Feeds

Beijing's anti-smut crackdown catches 'Chinese Twitter' Weibo red-handed

China's largest microblog service has two licenses revoked

Intelligent flash storage arrays

Sina, the company that owns China’s über-popular Twitter-like service Weibo, has had two key licences withdrawn by Beijing in retaliation for allegedly allowing the publication of articles and videos containing pornographic content.

A missive from the National Office Against Pornographic and Illegal Publications seen by Xinhua claimed that 20 articles and four videos posted to Sina.com had broken anti-porn laws and as a result the government had revoked the firm’s internet publishing and audio and video publishing licences.

The firm has been hit with a “large number of fines”, some staff have been detained and some local reports claim Sina has already shuttered its online book site for the time being.

The statement apparently said Sina had not learned its lesson after being punished twice last year for publishing banned content and was “turning a cold shoulder on social responsibility”.

“[The site] overstepped the red line of law... and it must be punished in accordance with laws and regulations," it added, according to Xinhua.

For its part, Sina has issued a grovelling apology, promising to “obey the punishment without passing the buck”.

The harsh treatment of one of China’s biggest internet companies is part of a renewed crackdown on "lewd" or pornographic content instigated by president Xi Jinping, and can be seen as a major warning to other big names to police content on their platforms more carefully.

Weibo – which boasts 600 million registered users, less than half of whom are active – recently filed for a $500m IPO in the US.

Unsurprisingly, the news of its punishment has hit parent company Sina’s stock price hard, with shares plummeting more than 7 per cent on Thursday, according to Reuters.

The firm not only has an increasing self-censorship burden to manage but is also losing the battle for hearts and minds, especially of younger Chinese, to newer services like WeChat (Weixin). ®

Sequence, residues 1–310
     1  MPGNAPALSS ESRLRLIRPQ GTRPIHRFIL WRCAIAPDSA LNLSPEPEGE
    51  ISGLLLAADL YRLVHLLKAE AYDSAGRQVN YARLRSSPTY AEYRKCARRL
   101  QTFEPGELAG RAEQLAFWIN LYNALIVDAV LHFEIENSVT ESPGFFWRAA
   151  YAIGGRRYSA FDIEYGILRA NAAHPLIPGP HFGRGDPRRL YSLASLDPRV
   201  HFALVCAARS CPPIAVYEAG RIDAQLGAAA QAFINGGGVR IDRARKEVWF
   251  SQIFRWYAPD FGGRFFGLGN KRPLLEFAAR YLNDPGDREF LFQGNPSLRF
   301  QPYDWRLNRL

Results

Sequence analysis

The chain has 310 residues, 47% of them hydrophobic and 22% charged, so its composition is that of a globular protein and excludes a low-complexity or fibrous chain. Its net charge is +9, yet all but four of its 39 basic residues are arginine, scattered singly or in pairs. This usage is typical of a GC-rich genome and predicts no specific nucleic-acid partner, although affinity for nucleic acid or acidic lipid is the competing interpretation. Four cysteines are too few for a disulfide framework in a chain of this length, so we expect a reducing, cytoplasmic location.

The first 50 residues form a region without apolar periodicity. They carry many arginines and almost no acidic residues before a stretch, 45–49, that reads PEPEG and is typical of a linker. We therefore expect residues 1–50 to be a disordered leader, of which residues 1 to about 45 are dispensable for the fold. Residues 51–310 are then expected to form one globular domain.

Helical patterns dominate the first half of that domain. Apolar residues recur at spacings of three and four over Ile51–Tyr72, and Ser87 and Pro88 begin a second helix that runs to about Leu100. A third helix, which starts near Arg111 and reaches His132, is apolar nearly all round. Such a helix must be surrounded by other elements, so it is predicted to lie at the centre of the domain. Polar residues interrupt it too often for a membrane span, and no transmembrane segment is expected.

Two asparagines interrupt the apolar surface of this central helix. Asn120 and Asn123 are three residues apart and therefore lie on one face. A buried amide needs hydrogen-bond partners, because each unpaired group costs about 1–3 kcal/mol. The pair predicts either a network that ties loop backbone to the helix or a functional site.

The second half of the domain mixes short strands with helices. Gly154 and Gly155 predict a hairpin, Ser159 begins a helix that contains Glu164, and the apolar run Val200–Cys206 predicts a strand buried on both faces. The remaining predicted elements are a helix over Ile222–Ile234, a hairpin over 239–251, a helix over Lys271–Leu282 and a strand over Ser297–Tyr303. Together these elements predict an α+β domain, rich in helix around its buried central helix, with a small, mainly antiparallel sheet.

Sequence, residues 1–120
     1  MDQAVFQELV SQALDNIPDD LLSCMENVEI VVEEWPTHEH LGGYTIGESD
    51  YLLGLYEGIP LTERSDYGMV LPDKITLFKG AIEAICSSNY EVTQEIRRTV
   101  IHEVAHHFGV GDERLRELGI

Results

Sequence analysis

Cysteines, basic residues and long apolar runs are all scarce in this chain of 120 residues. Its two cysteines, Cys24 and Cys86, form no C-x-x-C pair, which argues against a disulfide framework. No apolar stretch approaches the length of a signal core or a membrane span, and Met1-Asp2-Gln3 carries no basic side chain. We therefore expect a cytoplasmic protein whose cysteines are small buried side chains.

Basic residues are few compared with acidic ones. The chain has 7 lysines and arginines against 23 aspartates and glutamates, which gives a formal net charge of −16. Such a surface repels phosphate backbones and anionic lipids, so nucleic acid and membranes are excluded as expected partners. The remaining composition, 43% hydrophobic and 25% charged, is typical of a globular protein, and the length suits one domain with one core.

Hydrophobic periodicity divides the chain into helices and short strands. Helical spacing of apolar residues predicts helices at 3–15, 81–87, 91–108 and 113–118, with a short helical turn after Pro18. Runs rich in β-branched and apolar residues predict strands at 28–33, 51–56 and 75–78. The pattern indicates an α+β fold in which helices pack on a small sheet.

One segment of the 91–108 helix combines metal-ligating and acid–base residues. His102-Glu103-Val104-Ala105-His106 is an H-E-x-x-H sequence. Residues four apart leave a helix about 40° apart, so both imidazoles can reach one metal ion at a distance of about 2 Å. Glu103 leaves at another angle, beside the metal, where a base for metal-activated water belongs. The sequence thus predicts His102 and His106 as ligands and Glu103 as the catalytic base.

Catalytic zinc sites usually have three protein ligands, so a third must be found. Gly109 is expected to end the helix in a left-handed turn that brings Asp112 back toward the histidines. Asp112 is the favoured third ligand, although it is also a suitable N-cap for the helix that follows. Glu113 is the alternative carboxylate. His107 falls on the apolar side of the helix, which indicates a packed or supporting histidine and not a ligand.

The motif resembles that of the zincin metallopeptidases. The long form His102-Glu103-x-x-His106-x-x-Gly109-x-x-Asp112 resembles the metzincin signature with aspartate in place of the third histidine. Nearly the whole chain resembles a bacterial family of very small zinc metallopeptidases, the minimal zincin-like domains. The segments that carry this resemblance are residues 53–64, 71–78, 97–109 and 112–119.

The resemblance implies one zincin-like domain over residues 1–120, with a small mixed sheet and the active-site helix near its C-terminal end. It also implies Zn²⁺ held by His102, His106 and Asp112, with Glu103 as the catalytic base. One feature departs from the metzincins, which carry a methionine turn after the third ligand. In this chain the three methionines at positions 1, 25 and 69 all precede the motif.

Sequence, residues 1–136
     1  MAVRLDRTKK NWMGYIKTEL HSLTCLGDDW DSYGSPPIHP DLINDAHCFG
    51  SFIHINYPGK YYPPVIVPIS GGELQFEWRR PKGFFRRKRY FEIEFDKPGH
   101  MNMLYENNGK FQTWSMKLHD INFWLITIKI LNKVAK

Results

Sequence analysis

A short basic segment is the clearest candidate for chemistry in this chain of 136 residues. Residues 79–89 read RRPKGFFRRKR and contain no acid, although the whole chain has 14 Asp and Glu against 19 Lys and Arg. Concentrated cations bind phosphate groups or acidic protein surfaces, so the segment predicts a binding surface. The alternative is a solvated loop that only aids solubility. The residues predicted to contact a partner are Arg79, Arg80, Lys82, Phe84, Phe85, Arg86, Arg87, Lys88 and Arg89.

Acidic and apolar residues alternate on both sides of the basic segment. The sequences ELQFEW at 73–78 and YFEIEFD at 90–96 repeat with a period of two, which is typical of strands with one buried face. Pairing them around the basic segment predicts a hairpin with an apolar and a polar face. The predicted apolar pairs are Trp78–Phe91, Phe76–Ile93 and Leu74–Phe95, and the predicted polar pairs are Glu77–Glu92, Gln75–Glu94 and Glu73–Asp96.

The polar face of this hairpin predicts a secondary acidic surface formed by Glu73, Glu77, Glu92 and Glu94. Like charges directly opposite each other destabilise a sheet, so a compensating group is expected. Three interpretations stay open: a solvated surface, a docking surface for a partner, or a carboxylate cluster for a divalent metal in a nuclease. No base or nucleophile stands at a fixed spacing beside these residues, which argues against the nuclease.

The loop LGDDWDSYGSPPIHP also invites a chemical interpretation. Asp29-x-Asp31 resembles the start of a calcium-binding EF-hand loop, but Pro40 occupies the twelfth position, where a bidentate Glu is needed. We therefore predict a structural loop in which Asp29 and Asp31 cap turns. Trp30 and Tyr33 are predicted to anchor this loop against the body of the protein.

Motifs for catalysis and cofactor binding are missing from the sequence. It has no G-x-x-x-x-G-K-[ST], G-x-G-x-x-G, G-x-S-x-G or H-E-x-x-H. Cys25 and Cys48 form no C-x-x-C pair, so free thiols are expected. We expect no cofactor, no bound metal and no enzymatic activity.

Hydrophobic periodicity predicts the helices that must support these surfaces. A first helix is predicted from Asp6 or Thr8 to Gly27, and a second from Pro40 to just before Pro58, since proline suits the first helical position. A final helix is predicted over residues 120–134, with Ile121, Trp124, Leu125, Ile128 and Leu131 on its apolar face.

Internet Security Threat Report 2014

More from The Register

next story
Facebook, Apple: LADIES! Why not FREEZE your EGGS? It's on the company!
No biological clockwatching when you work in Silicon Valley
Lords take revenge on REVENGE PORN publishers
Jilted Johns and Jennies with busy fingers face two years inside
Yes, yes, Steve Jobs. Look what I'VE done for you lately – Tim Cook
New iPhone biz baron points to Apple's (his) greatest successes
Happiness economics is bollocks. Oh, UK.gov just adopted it? Er ...
Opportunity doesn't knock; it costs us instead
Facebook pays INFINITELY MORE UK corp tax than in 2012
Thanks for the £3k, Zuck. Doh! you're IN CREDIT. Guess not
Ex-US Navy fighter pilot MIT prof: Drones beat humans - I should know
'Missy' Cummings on UAVs, smartcars and dying from boredom
Sysadmin with EBOLA? Gartner's issued advice to debug your biz
Start hoarding cleaning supplies, analyst firm says, and assume your team will scatter
Edward who? GCHQ boss dodges Snowden topic during last speech
UK spies would rather 'walk' than do 'mass surveillance'
prev story

Whitepapers

Forging a new future with identity relationship management
Learn about ForgeRock's next generation IRM platform and how it is designed to empower CEOS's and enterprises to engage with consumers.
Why and how to choose the right cloud vendor
The benefits of cloud-based storage in your processes. Eliminate onsite, disk-based backup and archiving in favor of cloud-based data protection.
Three 1TB solid state scorchers up for grabs
Big SSDs can be expensive but think big and think free because you could be the lucky winner of one of three 1TB Samsung SSD 840 EVO drives that we’re giving away worth over £300 apiece.
Reg Reader Research: SaaS based Email and Office Productivity Tools
Read this Reg reader report which provides advice and guidance for SMBs towards the use of SaaS based email and Office productivity tools.
Security for virtualized datacentres
Legacy security solutions are inefficient due to the architectural differences between physical and virtual environments.